Full Text Available The composition and spatial variation of diatom assemblage in surface sediments of Caçó Lake (shallow, mesotrophic and weakly acid lake - Maranhão State, Brazil were analyzed in order to know the distribution pattern of the species along the lake during rainy season (April 1999. Four zones were established in the lake based on 21 diatoms species and habitat affinities. The first three zones (prime three meters deep to six meters deep were marked by the occurrence of Pinnularia gigas, Frustulia rhomboides, Encyonopsis krasskei, Eunotia camelus, E. femoriformis and E. monodon. Zone IV (seven to nine meters deep was inhabited mainly by Surirella biseriata and Fragilariforma floridana. During the beginning of the rainy season, the diatom assemblage in Caçó Lake was composed mainly by benthic and epiphytic forms that reflected the low lake levels and the abundance of littoral vegetation present in this lake.Com o objetivo de se conhecer a dinâmica espacial e a distribuição das diatomáceas contidas no sedimento superficial do lago Caçó, durante o período de chuvas (abril de 1999 foram realizadas coletas em um "transect" horizontal. A partir da observação destas coletas efetuadas a cada 1 metro pode-se observar que a distribuição das diatomáceas esteve fortemente ligada a ocorrência do banco de macrófitas da sua margem, com a ocorrência maciça das espécies epifíticas e bentônicas. A análise de agrupamento de dados permitiu uma melhor visualização, da sua distribuição a cada profundidade e também das associações específicas em cada zona. Os resultados deste estudo permitiram concluir que a ocorrência e distribuição das diatomáceas do Lago Caçó está fortemente ligada ao banco de macrófitas localizado em suas margens, definindo assim zonas características dentro do lago.

  9. Invasion of parasitic isopods in marine fishes

    Directory of Open Access Journals (Sweden)

    Ganapathy Rameshkumar

    2013-02-01

    Full Text Available Objective: To carry out a detailed three-year observation study on isopod parasites infestation in fish. Methods: Fish samples were collected from different localities in various landing centers along the Tamil Nadu coastal area. The prevalence and mean intensity were calculated. The proximate composition of infestation and uninfestation were studied in different marine fishes. A comparative analysis of bacteria and fungi in the infected and uninfected regions of fishes were analysed. Results: Tweenty six species including 12 genera of isopods (Cymothoidae distributed in 39 species of marine fishes along the Tamil Nadu coast. The isopod parasites were attached in three different microhabitats in host fishes viz. , buccal, branchial and body surfaces. They exhibited host and site specific occurrence. Maximum prevalence 17.11% was recorded in March 2010 and minimum 0.27% in Febuary 2010. The intensity ranged from 1 to 1.7 parasites per fish during the different months from Decmber 2008 to November 2011. There was a decrease in the protein, carbohydrate and lipid content in the infested fishes compared to uninfected fishes. A comparative analysis of bacteria and fungi in the infected and uninfected region of fishes were analysed. It revealed that infected portions had dense bacterial load as observed in the lesions of infected fishes than uninfected fishes. Conclusion: Factors which are able to induce parasitic manifestation are stock quality, stocking density, environmental conditions, biological and physiological characteristics of parasite, zoo technical measures, food quantity, feeding strategies, etc.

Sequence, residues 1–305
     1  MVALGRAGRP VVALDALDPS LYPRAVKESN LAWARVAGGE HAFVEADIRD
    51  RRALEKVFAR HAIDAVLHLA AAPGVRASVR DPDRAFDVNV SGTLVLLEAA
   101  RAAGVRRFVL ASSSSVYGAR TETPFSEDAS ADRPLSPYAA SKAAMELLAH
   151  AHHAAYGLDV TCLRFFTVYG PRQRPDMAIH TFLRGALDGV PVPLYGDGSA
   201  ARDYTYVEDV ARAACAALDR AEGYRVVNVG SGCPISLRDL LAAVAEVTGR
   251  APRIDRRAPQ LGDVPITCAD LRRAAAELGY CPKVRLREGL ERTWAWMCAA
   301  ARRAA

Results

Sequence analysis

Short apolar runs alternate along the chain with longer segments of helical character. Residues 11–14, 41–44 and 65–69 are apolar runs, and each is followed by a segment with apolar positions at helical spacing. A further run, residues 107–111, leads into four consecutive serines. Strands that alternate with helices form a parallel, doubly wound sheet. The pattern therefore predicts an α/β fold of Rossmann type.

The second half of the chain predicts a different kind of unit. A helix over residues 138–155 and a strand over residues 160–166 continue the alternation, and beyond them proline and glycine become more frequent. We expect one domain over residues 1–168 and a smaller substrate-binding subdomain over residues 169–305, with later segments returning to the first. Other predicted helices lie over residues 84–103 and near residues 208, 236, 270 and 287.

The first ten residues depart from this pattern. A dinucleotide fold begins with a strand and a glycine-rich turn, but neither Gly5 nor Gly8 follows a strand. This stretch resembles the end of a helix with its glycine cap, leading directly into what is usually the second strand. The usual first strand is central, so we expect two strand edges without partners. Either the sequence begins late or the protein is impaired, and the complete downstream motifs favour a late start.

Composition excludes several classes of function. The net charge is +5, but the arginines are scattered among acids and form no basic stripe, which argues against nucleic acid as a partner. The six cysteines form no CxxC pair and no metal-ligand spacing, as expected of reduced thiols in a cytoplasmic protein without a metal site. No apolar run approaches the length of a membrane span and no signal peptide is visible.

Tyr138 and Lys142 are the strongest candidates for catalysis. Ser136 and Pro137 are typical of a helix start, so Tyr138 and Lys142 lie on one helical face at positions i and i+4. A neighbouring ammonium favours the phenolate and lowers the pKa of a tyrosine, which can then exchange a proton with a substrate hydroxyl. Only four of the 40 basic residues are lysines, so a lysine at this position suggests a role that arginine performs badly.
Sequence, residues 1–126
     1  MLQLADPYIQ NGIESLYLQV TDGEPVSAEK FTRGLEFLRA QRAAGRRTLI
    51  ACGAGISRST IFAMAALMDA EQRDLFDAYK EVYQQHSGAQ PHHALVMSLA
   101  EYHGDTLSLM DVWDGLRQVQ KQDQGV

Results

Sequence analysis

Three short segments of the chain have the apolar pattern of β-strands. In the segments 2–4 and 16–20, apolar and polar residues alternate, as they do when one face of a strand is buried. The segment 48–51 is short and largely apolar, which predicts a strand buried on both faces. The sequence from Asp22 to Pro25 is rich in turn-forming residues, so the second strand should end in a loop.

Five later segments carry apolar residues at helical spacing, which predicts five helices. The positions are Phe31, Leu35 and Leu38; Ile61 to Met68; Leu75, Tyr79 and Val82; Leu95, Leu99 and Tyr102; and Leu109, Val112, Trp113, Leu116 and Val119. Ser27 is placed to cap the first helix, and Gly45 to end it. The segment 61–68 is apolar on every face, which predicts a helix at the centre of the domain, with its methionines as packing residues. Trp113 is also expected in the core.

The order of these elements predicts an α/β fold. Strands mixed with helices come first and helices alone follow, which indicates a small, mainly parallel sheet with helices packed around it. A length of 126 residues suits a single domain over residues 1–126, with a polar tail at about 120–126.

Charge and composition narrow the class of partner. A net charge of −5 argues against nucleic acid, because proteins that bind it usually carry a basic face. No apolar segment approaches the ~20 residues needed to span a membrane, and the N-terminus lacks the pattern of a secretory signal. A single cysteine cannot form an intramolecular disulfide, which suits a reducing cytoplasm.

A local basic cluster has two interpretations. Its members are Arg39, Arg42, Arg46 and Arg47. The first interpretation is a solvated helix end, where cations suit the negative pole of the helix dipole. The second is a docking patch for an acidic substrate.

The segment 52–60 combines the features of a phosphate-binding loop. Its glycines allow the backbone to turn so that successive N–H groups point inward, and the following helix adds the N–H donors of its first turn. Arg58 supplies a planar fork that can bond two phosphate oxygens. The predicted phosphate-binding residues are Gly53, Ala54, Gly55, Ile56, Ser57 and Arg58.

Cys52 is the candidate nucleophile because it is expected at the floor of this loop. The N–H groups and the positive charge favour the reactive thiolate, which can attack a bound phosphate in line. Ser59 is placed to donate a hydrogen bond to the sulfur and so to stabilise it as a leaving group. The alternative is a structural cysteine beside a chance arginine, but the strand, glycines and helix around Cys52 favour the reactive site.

10. Fighting fish parasites with photodynamically active chlorophyllin.

    Science.gov (United States)